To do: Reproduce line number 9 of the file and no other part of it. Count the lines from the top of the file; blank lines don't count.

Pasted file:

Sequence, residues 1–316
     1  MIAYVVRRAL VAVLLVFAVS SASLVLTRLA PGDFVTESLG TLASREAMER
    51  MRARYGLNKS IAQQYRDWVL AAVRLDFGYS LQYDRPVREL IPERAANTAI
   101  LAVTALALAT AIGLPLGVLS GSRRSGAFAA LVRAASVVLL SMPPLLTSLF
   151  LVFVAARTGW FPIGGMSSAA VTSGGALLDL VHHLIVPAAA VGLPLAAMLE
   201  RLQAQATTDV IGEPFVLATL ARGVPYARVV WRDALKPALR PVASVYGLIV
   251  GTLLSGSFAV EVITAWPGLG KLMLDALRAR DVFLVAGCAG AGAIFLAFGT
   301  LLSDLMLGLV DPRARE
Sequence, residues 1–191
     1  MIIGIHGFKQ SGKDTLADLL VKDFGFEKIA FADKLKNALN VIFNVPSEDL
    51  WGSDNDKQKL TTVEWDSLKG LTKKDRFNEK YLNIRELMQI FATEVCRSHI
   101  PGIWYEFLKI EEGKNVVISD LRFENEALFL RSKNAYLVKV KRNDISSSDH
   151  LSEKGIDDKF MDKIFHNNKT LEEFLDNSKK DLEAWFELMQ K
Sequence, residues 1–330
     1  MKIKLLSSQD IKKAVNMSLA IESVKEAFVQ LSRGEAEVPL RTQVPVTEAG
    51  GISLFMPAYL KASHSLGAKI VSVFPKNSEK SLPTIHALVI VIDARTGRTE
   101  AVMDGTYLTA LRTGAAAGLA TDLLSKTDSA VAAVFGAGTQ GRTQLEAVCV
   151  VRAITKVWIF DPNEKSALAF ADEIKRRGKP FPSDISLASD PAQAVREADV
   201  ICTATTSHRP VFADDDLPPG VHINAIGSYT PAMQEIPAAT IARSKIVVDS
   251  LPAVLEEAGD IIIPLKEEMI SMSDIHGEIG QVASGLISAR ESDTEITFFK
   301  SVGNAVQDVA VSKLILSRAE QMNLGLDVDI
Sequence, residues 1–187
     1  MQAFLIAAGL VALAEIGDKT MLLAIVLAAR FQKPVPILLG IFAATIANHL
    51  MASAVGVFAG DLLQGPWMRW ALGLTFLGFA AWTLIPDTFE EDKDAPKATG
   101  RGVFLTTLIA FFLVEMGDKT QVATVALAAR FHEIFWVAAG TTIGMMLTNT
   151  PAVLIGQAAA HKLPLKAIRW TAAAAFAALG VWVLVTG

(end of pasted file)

Sequence, residues 1–191